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China has an ‘artificial sun’ in quest for clean energy

Monitoring Desk

China on Friday made another step forward in its quest for clean energy through controlled nuclear fusion, as it commissioned its new “artificial sun” – a new generation nuclear fusion reactor research facility which operates at a temperature 10 times as hot as the sun.

According to China National Nuclear Corporation (CNNC), the HL-2M Tokamak apparatus is able to operate at 150 million degrees Celsius – almost three times hotter than the previous version called HL-2A.

The ability to generate such ultra-high temperature is essential for the research of fusion process, replicating the way the sun produces energy using hydrogen and deuterium gases as fuels. The sun only operates at a temperature of 15 million degrees Celsius.

The International Thermonuclear Experimental Reactor (ITER), which is under construction in southern France, is designed also to operate at up to 150 million degrees Celsius (270 million Fahrenheit).

The HL-2M apparatus is able to operate at 150 million degrees Celsius. Photo: Weibo

The HL-2M apparatus is able to operate at 150 million degrees Celsius. Photo: Weibo

The Korea Institute of Fusion Energy announced about a week ago that its reactor had succeeded in operating at 100 million degree Celsius for at least 20 seconds.

Yang Qingwei, chief engineer of CNNC’s Institute of Fusion Science at the Southwest Institute of Physics, was quoted by Xinhua on Friday as saying that HL-2M can achieve magnetic plasma confinement time of up to 10 seconds.

“HL-2M is China’s largest artificial sun with the best parameters,” Xu Min, director of the institute, was quoted as saying.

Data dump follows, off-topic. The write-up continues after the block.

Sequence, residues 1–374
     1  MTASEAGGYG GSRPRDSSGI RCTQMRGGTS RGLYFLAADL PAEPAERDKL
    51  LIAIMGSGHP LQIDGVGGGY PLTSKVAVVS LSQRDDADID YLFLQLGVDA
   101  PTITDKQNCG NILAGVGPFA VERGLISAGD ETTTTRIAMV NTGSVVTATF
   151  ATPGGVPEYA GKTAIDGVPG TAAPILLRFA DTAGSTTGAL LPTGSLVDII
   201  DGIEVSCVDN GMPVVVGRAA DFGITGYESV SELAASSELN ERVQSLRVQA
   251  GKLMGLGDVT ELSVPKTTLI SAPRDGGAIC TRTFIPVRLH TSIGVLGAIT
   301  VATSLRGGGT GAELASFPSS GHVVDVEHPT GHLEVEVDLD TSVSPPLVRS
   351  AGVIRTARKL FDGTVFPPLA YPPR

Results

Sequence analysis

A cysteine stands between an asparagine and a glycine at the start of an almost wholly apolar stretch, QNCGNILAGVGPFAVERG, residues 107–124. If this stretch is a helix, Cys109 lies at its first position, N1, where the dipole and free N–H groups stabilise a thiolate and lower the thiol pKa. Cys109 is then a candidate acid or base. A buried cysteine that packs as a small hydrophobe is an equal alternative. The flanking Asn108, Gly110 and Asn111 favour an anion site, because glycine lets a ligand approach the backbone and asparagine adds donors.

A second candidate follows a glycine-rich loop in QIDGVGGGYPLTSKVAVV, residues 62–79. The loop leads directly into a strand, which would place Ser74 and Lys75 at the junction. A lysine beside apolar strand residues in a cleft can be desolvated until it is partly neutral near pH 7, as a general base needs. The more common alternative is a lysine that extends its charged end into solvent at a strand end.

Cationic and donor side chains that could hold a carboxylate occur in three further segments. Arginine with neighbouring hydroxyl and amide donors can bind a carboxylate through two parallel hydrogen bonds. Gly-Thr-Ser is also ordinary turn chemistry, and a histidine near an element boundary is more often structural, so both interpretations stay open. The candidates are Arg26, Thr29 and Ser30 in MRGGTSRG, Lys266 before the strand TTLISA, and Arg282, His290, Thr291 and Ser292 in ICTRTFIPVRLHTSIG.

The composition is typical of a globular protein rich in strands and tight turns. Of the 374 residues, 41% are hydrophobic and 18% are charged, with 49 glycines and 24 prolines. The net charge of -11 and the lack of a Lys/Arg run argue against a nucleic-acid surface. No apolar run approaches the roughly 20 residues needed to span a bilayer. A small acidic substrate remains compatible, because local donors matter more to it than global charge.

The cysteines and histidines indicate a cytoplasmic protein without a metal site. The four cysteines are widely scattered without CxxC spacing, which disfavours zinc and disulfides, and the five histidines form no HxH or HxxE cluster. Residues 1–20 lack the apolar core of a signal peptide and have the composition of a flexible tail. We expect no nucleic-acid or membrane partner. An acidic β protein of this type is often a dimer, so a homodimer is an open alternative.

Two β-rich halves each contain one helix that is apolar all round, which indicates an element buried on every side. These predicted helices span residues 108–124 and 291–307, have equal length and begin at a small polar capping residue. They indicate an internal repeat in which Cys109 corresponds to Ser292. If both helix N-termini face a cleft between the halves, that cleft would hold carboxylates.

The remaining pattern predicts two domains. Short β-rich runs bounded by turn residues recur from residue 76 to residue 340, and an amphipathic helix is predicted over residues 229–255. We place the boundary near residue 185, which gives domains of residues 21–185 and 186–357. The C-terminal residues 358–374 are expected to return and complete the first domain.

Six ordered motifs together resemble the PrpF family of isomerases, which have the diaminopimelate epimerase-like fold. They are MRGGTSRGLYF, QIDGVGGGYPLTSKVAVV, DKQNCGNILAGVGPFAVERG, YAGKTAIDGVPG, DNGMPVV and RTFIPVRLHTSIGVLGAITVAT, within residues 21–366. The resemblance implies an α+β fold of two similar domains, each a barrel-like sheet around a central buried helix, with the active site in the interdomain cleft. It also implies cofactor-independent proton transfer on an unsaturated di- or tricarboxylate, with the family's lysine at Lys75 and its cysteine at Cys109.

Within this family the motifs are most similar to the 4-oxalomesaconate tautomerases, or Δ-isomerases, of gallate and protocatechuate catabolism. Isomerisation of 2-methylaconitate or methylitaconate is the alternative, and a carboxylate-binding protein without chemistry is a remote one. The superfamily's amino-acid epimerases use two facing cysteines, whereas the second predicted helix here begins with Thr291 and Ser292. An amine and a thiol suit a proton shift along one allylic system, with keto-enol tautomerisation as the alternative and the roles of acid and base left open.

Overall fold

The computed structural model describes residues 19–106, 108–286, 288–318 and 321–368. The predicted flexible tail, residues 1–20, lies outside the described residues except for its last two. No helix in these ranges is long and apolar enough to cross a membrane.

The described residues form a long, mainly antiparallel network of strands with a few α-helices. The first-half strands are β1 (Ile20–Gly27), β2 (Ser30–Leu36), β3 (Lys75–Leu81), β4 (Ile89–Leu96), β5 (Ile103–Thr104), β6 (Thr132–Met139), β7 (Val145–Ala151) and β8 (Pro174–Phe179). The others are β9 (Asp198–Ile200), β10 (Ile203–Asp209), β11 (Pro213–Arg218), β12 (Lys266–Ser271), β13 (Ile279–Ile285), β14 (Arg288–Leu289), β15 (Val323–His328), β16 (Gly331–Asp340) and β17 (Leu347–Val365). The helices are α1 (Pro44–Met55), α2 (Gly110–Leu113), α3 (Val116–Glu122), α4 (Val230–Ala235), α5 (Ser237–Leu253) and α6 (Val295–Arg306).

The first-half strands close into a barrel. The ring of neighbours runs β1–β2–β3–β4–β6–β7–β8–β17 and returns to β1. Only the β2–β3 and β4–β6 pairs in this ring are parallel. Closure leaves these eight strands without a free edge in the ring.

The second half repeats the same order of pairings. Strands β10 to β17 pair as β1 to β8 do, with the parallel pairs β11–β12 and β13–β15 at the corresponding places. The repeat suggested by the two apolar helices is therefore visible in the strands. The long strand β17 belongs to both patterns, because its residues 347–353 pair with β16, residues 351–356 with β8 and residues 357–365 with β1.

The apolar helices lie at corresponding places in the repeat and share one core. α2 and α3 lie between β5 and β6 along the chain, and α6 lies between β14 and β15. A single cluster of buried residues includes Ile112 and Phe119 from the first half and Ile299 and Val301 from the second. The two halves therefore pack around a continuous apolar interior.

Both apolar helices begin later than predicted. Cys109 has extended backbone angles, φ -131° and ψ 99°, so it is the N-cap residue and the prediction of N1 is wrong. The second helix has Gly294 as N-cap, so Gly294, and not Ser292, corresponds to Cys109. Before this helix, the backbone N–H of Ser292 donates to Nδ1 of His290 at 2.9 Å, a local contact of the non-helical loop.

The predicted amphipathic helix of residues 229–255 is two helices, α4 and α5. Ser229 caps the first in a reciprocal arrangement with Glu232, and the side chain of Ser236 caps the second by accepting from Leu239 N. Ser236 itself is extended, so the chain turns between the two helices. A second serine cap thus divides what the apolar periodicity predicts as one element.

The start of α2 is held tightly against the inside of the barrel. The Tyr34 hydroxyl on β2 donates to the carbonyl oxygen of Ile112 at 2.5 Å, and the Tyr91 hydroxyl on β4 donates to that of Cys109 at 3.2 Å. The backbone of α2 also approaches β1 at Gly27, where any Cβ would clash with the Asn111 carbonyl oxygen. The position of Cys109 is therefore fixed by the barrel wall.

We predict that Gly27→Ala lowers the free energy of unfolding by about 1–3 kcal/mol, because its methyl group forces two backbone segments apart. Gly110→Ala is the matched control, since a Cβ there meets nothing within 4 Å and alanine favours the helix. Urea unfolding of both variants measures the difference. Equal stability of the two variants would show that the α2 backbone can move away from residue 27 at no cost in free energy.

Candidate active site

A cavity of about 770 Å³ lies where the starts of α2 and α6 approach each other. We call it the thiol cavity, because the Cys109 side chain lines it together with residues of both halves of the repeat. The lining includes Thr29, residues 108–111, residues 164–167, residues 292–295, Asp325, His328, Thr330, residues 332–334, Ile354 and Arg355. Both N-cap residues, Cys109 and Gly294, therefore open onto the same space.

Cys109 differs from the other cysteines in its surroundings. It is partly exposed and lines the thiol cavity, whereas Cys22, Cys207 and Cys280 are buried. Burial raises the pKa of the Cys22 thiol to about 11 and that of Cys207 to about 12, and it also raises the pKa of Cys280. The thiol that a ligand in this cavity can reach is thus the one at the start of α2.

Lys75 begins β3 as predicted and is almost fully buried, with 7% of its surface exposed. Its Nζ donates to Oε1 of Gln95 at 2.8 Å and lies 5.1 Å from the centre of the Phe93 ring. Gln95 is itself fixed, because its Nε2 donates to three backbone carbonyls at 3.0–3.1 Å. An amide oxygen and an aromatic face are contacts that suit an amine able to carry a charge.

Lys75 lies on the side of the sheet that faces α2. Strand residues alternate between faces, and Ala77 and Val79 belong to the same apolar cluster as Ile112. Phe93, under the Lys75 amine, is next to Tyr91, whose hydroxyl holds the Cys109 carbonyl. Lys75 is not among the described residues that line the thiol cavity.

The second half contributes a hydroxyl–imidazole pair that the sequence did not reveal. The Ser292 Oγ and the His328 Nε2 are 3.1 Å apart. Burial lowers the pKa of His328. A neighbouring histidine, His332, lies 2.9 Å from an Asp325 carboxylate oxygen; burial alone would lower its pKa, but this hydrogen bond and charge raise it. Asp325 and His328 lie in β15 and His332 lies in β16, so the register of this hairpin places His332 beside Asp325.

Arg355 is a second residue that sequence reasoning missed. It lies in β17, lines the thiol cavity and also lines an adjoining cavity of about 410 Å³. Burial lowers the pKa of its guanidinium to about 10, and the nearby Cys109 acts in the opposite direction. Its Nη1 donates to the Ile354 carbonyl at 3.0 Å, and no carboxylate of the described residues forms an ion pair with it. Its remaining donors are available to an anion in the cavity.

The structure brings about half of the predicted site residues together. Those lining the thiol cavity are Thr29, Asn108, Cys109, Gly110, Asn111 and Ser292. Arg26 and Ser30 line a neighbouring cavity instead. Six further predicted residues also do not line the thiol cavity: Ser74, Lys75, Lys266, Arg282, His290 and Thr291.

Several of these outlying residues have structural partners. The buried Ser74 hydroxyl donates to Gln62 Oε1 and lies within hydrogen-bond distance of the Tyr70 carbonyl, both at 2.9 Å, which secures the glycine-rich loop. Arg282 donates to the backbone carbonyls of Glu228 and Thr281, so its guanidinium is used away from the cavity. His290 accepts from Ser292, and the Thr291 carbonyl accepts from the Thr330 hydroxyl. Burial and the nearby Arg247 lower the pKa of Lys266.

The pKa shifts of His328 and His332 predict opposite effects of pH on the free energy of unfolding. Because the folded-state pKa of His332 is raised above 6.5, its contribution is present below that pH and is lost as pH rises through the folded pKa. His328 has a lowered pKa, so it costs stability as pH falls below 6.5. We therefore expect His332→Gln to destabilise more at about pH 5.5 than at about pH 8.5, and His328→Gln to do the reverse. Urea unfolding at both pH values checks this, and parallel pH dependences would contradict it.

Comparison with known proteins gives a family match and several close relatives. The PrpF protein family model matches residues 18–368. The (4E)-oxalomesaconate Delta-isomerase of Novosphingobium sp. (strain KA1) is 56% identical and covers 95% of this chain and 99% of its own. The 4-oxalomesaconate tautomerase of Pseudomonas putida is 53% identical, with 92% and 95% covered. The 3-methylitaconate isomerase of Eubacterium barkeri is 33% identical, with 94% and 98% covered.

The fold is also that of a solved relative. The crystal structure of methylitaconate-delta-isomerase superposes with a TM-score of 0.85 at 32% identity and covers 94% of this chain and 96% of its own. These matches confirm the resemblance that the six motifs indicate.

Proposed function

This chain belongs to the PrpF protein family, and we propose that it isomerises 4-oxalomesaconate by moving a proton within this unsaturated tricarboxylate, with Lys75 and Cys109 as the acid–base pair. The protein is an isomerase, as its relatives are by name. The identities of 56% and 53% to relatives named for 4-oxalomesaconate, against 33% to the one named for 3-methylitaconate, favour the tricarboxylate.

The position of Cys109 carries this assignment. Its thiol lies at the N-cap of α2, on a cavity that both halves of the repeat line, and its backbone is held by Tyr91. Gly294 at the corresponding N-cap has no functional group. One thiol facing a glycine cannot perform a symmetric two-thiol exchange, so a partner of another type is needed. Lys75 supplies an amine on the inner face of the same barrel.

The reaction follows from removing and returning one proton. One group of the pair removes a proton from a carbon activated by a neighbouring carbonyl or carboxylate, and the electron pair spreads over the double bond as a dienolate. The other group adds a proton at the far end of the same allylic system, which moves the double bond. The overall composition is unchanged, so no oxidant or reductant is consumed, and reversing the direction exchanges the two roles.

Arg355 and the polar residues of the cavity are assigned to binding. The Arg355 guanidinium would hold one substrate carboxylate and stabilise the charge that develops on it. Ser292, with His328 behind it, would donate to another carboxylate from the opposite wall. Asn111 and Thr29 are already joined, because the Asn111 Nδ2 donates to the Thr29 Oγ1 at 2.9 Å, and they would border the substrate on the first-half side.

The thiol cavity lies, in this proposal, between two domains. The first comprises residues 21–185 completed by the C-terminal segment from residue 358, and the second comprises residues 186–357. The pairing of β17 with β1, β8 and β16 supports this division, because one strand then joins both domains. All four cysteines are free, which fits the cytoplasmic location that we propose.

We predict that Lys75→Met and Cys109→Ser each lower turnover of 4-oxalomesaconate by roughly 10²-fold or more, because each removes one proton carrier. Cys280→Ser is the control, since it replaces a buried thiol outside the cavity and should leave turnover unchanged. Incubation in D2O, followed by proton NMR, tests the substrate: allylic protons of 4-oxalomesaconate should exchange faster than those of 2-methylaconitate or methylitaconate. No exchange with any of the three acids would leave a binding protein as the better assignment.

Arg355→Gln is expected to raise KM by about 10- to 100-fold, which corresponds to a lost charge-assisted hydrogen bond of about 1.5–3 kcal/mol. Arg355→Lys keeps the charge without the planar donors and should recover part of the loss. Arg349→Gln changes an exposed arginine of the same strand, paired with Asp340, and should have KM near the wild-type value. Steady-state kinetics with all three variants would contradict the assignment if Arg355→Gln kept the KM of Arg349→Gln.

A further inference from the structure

The new facility also has three times the plasma volume and six times the plasma current intensity compared with HL-2A, and that will substantially improve the research and development of fusion generator technology in China, according to a statement by CNNC, which oversees the project.

Yang said the project would become “an important pillar” to ITER, of which China is a member along with the United States, India, Japan, Russia and South Korea.

China’s HL-2M nuclear fusion device is displayed at a research laboratory in Chengdu, Sichuan province on Friday. Photo: STR via AFP

China’s HL-2M nuclear fusion device is displayed at a research laboratory in Chengdu, Sichuan province on Friday. Photo: STR via AFP

China aims to develop its fusion technology as it plans to build an experimental reactor as early as next year, build an industrial prototype by 2035 and go into large-scale commercial use by 2050.

Beijing released in November a national technology development blueprint committing to achieve breakthroughs in key and core technologies including artificial intelligence, aerospace science and deep Earth and ocean exploration.High above the atmosphere, its Chang’e 5 spacecraft on Thursday had lifted 2kg (4.4lbs) of lunar dust and rocks from the Moon to bring back to Earth, while its Tianwen-1 Mars probe spacecraft is expected to arrive at the Red Planet within three months.

Courtesy: South China Morning Post

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